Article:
Wednesday, December 17, 2008

From Russia, With Love and Treason

Oh, those Russians love their pride.

They'd rather, apparently, be proud than free.

I recently asked a woman from Belarus, a Russian satellite country, what she thought of Putin.
"Thumbs up", she said and gesticulated. Then she changed her mind: "Two thumbs up", as she shook her head an affirmative yes.

And what's not to like about Vladimir Putin? State-controlled radio and TV, state-owned oil companies, after taking over and liquidating the companies and literally jailing their CEO's. Then there's all that nuclear technology they're so willing to sell. I thought it was a nice touch that they sold Saddam Hussein advanced surface-to-air missiles right before we invaded.
And can anyone even count the number of murders of dissidents? The Forbes Russian Editor, the famous woman critic of the Chechnyan war, and man others (see below).

Now, Russia looks like it's going to enact a treason bill which counts as treason acts that are "damaging" to Russia's constitution. In other words, any protest.

Full article here:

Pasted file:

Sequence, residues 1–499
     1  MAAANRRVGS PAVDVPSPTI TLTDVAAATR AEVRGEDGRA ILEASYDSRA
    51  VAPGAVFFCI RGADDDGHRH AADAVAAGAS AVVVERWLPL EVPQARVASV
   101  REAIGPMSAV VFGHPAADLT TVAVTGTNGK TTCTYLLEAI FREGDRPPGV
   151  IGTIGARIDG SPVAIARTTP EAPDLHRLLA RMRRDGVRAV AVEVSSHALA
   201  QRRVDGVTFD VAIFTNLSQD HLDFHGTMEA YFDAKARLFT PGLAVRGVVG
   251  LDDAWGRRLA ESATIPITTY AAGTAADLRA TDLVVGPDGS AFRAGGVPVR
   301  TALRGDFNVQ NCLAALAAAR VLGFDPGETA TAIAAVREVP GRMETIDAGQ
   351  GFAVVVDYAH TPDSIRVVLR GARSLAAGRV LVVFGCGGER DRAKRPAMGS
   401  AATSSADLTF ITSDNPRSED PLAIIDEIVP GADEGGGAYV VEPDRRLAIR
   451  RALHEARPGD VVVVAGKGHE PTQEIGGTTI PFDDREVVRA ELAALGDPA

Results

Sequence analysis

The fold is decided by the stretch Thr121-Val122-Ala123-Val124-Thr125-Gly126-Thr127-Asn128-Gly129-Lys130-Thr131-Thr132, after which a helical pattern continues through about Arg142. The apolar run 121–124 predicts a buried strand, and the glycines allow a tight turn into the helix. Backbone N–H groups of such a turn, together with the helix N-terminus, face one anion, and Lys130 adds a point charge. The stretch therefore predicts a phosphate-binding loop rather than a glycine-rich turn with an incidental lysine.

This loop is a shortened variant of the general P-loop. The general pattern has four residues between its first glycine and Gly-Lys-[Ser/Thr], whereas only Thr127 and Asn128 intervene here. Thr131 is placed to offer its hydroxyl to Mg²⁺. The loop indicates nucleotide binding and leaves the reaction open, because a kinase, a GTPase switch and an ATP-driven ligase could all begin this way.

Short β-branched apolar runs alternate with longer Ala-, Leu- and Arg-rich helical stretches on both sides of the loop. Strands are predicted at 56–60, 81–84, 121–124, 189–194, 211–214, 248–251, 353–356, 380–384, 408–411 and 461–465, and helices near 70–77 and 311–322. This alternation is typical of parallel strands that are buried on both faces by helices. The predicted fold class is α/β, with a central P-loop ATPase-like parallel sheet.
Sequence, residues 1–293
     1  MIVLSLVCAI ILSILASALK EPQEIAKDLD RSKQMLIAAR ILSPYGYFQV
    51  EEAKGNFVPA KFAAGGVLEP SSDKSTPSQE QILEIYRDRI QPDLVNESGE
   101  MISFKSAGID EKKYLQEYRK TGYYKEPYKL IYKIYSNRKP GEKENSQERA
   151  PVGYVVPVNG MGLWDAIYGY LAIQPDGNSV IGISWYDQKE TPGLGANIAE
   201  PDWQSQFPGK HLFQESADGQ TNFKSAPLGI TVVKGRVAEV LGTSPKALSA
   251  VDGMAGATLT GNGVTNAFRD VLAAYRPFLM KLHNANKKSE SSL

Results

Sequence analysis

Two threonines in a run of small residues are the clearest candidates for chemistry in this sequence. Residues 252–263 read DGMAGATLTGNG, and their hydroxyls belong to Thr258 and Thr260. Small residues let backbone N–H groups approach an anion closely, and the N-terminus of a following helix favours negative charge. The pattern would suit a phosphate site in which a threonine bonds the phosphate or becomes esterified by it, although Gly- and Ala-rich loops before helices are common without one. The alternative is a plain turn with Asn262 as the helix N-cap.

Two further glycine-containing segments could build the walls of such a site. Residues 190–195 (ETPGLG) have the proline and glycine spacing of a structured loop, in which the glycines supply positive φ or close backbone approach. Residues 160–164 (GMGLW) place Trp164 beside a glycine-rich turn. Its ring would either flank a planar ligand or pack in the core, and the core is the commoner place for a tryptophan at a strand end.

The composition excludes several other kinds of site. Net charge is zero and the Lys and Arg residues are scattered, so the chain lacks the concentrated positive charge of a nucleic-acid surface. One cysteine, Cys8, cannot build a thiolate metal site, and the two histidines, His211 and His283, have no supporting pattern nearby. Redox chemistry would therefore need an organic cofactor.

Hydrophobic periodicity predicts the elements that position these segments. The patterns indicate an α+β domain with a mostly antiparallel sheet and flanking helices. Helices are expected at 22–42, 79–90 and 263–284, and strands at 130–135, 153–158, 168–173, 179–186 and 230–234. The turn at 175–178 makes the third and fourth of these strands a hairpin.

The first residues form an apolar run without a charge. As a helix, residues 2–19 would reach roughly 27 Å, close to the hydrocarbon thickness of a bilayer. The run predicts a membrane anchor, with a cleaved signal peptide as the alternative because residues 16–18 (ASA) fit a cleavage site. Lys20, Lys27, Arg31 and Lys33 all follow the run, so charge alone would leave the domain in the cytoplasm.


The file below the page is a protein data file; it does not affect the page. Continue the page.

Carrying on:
Russian treason bill could hit Kremlin critics

"New legislation backed by Prime Minister Vladimir Putin would allow Russian authorities to label any government critic a traitor—a move that rights activists said Wednesday was a chilling throwback to times of Soviet dictator Josef Stalin."

And you think Iraq is a failure of diplomacy on our part? Letting Russia slide back into abyss of first lawlessness in the 90's and now into Stalinism under the guise of "sovereign democracy", is a massive failure on the part of Bill Clinton and George W. Bush.

And to add some frosting to this sweet cake of a story, let's end with a 2006 WaPost piece on all of Russia's assassinations, written by a former Soviet KGB Colonel...

Russia's Killing Ways


"orders for assassinations no longer have names or signatures on them, according to what I am told by my connections. Directives such as the one to assassinate Alexander Litvinenko are written to say, for example, "Request permission to carry out inquiry abroad," with no mention of the target. The document goes to an archive with nothing tying those involved to an assassination."

Now, with Litvinenko, they have dared to kill a citizen of Britain on the soil of that country. Yandarbiyev, Shchekochikhin, Politkovskaya, Litvinenko: Russia has become a terrorist regime."

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